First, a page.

GV’s aMDI produces sanitation device, decreases hospital infections
Grand Valley State University’s applied Medical Devise Institute (aMDI) is devoted to innovation and the overall improvement of human health. aMDI is a collaboration of students, faculty and the GVSU community that connects students, education and health care to the community.
In partnership with Sterilogy, a hand hygiene company based in Michigan, aMDI undergraduate and graduate students, along with the help of Dr. Karl Brakora, developed the Hand Hygiene Compliance System: A three-device system that will be used to decrease hospital infections.
“The Hand Hygiene Compliance System is a product designed to be worn on the belt or waist of a health care worker, including doctors, nurses and any other health care worker that interacts with a patient,” said Jonathon Vinsko, aMDI electronics engineer. “They are required to sterilize their hands prior to engaging with a patient as well as after. This system monitors whether or not they complied with this requirement, as well as notifies them when they should be sanitizing.”
Vinsko said that the design process was challenging, especially since the team had to start from scratch. Before starting the designing and building of the project, the team had to think of the idea itself and validate that the idea was feasible. Once this process was completed, the team had to put the prototypes through multiple tests.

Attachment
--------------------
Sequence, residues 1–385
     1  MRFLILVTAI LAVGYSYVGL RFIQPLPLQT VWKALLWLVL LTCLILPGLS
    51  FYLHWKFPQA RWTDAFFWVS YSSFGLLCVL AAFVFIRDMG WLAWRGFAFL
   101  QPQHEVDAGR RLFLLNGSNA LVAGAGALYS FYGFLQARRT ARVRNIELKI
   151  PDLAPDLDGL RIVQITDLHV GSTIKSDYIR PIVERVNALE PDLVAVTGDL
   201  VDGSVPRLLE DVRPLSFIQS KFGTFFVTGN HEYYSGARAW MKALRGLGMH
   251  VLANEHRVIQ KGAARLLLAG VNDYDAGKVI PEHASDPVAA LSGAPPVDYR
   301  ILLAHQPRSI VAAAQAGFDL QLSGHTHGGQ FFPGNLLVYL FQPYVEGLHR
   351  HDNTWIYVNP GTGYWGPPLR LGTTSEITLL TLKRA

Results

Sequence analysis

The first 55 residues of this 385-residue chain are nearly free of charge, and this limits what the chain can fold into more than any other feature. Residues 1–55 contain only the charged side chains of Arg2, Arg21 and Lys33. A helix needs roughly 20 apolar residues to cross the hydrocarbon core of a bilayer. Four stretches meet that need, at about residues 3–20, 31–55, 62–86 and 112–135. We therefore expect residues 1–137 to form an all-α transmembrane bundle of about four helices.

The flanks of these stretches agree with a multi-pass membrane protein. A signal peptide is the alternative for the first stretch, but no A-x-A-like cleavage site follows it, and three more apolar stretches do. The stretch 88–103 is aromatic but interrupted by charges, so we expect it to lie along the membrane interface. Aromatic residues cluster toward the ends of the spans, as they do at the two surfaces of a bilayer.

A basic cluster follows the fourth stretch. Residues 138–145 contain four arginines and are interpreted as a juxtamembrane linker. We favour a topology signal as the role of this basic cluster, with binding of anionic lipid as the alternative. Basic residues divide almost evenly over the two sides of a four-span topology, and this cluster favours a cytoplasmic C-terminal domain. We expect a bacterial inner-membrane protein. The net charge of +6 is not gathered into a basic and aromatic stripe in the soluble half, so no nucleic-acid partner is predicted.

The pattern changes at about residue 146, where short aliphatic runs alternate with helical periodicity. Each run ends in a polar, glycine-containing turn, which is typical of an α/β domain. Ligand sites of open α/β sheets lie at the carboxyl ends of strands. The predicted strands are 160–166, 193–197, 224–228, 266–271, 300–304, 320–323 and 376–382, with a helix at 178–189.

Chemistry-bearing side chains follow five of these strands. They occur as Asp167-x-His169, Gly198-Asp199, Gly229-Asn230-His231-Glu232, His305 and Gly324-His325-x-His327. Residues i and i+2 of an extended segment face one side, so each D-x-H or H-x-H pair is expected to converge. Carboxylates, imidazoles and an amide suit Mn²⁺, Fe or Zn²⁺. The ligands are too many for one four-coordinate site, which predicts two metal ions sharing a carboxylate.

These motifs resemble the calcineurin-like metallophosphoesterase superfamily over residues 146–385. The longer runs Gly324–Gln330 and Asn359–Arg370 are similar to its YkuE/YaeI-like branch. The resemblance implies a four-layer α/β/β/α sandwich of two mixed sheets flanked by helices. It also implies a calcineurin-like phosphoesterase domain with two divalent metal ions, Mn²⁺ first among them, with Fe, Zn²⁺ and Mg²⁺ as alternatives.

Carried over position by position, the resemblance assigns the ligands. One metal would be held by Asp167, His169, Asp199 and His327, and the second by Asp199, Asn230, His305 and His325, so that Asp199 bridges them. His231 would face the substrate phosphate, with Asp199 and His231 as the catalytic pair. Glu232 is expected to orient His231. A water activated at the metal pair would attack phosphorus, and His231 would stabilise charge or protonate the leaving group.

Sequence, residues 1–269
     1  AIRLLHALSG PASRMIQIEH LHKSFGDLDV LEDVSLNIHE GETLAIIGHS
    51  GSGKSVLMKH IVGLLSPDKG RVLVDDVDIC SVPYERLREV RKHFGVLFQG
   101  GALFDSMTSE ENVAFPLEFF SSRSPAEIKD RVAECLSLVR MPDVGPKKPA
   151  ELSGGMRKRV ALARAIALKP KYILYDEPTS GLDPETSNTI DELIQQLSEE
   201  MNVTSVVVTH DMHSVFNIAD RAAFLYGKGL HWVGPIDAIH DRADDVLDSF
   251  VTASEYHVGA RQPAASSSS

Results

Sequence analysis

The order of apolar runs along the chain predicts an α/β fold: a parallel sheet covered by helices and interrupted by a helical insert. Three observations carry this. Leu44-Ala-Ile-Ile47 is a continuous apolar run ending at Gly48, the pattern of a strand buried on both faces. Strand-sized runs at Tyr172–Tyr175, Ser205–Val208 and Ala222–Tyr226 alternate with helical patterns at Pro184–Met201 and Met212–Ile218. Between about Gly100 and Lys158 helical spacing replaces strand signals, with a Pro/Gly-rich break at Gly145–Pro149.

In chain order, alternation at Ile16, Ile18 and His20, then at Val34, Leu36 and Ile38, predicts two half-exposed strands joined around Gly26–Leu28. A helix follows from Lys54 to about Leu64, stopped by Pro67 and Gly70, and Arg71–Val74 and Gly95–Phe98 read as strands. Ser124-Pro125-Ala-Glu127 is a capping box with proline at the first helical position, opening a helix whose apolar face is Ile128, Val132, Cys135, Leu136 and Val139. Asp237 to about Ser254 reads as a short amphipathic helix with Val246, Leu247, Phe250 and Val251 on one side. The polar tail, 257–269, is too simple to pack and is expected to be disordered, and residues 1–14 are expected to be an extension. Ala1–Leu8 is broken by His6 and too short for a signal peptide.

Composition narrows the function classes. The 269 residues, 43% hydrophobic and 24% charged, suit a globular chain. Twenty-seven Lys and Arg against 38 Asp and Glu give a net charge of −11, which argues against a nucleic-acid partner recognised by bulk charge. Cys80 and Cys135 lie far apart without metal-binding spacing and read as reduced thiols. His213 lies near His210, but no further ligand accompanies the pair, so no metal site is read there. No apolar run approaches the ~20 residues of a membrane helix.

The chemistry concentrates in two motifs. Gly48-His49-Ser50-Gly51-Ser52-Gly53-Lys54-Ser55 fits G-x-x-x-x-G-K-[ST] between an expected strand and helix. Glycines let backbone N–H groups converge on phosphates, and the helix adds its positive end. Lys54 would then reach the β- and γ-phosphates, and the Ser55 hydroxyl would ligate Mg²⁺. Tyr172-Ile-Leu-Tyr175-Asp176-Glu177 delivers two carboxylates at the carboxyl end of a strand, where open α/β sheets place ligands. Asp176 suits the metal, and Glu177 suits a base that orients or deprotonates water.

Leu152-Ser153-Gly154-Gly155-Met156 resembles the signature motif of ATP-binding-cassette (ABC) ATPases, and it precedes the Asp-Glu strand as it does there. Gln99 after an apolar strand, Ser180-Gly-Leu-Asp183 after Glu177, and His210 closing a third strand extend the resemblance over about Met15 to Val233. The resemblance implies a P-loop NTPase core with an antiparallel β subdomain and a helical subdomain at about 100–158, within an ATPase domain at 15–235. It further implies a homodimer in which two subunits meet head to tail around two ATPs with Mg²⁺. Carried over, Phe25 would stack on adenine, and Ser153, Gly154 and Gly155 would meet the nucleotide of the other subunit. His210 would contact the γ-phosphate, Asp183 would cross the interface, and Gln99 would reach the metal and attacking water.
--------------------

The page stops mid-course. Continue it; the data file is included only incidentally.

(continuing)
“The process involves a lot of brainstorming and talking through ideas, communicating with the team to try to get them to understand how you're thinking and plenty of failed experiments,” Vinsko said. “Many crude versions of the device are made during concept validation before finally having something presentable, and even at that point there are many versions left to do before a product might become market-ready.”
According to Centers for Disease Control and Prevention (CDC), “On any given day, about one in 31 hospital patients has at least one healthcare-associated infection.” For aMDI, the main goal of the Hand Hygiene Compliance System is to reduce these hospital infections. The device is small, compact and easily accessible, and will also notify health care professionals of when they should be sanitizing.
“This product is an awesome idea and I'm glad I had a part of it. It's going to revolutionize the way health care workers sterilize themselves, and it’s definitely going to boost compliance,” Vinsko said. “This will long-term reduce the number of infections and make hospitals safer all around.”
Hospitals are supposed to be safe, healthy places for patients to recover, but without proper hygiene, hospitals can have the opposite effect. Vinsko stressed that the problem of hospital hygiene and infections is relatable to each and every person.
“The GVSU community has a lot of programs going into the medical field. This could be a device some of them wear someday,” Vinsko said. “Also, many people will either be admitted to a hospital or know someone personally who is admitted to a hospital. This system will ensure the doctors, nurses and other workers are following proper hygiene procedures to ensure that hospital infections do not affect the people you know and love.”